Australian Catholic Super and NGS announced they will merge into a consolidated A$21 billion ($15 billion) industry fund, representing the community and non-government education sectors.
The tie-up between the two not-for-profit industry funds will bring together 85,000 members and A$9 billion from Australian Catholic Super with 120,000 members and A$12 billion in funds from NGS Super, subject to the usual due diligence and member benefit assessment provisions.
The merger announcement is the latest in a long line of amalgamations for sub-scale funds, a trend which has been encouraged by the Australian Prudential Regulator Authority, the Morrison Government, the Hayne Royal Commission and the Productivity Commission.
The announcement comes amid a flurry of tie-ups in the A$717 billion, union-linked industry superannuation sector, encouraged by the Australian Prudential Regulation Authority and Morrison government, both of which have put sub-scale funds on notice.
Source: Australian Financial Review
Cbus will invest up to A$10 million in a New South Wales government pilot that puts industry super funds into social housing development for the first time and expands the funding available to community housing providers beyond the federal government's National Housing Finance and Investment Corporation.
Funding for the pilot project to develop 96 new dwellings across six sites is a drop in the ocean for the A$54 billion super fund giant, but Cbus is already eyeing a second tranche of about 300 dwellings and said its lending to the sector could top A$100 million within three years.
The new scheme, an agreement between Cbus and the New South Wales and Commonwealth governments, can be extended to other states and offers hope of cracking an unresolved problem – how to tap Australia's deep-pocketed pension funds to tackle the shortfall of social homes that stood at 437,600 last year and is forecast to rise an extra 291,100 by 2036.
Source: Australian Financial Review
Mandatory Provident Fund assets topped the HK$1 trillion ($128.2 billion) mark for the very first time in July to reach the highest level in its 20-year history.
Total assets of the MPF as of end-July was HK$1.008 trillion, up from HK$969.45 billion at the end of 2019. It was driven by greater inflows into default fund choices and a rebound in investments from losses triggered by the coronavirus pandemic.
Source: Asia Asset Management
ICIC Lombard General Insurance entered into a definitive agreement to acquire Bharti Axa General Insurance in all stock transaction.
Bharti Enterprises currently owns 51% stake in Bharti Axa General Insurance, while French insurer Axa has 49%.
The board of ICIC Lombard General Insurance “at its meeting held on August 21 considered and approved a ‘scheme of arrangement’ amongst Bharti Axa General Insurance (demerged company) and former company and their respective shareholders and creditors”, the ICIC bank promoted non-life insurer said in a late night filing on August 21.
Source: The Times of India
The National Pension Service (NPS) has committed between $100 million and $200 million to an energy and infrastructure fund set up by UK-based private equity firm Actis LLP to invest in Africa, India, and Latin America, according to investment banking industry sources on August 24.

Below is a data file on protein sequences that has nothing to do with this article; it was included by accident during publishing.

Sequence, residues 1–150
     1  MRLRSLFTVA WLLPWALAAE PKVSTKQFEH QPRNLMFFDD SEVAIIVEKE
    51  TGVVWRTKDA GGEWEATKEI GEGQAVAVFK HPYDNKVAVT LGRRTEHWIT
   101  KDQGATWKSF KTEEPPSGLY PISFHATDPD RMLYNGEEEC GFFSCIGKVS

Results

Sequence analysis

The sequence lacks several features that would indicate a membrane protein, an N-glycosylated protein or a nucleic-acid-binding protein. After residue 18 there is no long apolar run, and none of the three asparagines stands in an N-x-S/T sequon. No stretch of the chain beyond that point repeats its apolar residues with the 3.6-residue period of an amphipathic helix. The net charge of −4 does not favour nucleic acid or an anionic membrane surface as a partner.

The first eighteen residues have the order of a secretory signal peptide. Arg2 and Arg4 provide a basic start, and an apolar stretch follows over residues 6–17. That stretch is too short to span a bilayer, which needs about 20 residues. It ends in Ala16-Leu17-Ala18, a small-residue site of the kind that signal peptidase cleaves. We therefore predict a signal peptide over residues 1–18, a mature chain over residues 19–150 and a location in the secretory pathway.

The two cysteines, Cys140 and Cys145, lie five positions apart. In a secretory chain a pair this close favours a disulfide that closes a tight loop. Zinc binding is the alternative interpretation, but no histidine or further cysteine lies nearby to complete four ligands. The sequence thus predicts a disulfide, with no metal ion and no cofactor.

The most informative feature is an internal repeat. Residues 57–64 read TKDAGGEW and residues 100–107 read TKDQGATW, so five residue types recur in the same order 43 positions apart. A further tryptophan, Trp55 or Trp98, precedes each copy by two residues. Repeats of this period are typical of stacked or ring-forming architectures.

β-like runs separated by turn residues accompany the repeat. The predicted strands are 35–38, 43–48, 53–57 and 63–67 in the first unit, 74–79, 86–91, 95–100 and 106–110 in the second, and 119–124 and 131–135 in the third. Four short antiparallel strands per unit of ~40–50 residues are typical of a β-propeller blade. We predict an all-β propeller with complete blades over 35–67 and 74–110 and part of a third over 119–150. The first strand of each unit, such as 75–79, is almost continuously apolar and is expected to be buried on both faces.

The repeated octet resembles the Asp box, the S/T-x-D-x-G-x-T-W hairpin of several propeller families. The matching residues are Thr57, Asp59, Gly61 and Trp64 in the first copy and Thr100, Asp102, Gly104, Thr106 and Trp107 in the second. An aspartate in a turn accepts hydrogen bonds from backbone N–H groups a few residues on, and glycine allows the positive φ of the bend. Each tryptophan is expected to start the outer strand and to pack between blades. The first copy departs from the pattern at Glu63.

Actis Energy 5, its fifth green energy infrastructure fund, raised $2.9 billion in its first round of fundraising, with commitments from around 20 institutional investors, including the Employees Retirement System of Texas and Denmark’s Industriens Pension. The fund is aiming to raise $4 billion in total.
The energy fund will invest in renewable energy projects that include wind and solar power in emerging markets across Latin America, Africa, India, and others. The respective countries are expected to provide guarantees for the investments given the risk in these markets, despite huge growth potential.
Source: Korean Investors
Twenty-four life insurers, including nine foreign firms, saw their combined net profit decrease by W54.9 billion ($46 million) to W2.07 trillion for the January-June period, according to data from the Financial Supervisory Service (FSS).
The decline came as guarantee reserve spiked to W1.7 trillion in the first half from W672.2 billion from the same period last year. The FSS said the combined net loss of their insurance operations rose 7% year-on-year to W12.6 trillion in the first half, hit by a decline in stock markets.
Source: Yonhap News Agency
Korean life insurers implementing coinsurance should help to improve their capital strength amid the long-lasting low interest rate environment, said Fitch Ratings. The country's financial regulatory authorities recently revised regulations on the risk-based capital (RBC) regime for insurers in response to the introduction of IFRS17 and Korean Insurance Capital Standards, effective from 2023.
One of the revisions permits the reduction of interest-rate risk in the RBC calculation through coinsurance. Fitch said it expects the adoption of coinsurance to be generally positive to life insurers' credit quality in particular. They have to bear a large burden of interest-rate risk in a situation where domestic long-term bond yields remain at record-low levels.
Source: Fitch Ratings
Park Yoo-kyung, an adviser for Dutch pension fund APG Asset Management, criticised South Korean banks and its state electricity provider for providing funding for coal-fired power plants, saying the nation had fallen behind others in taking "sincere" action to the Paris Climate Agreement targets.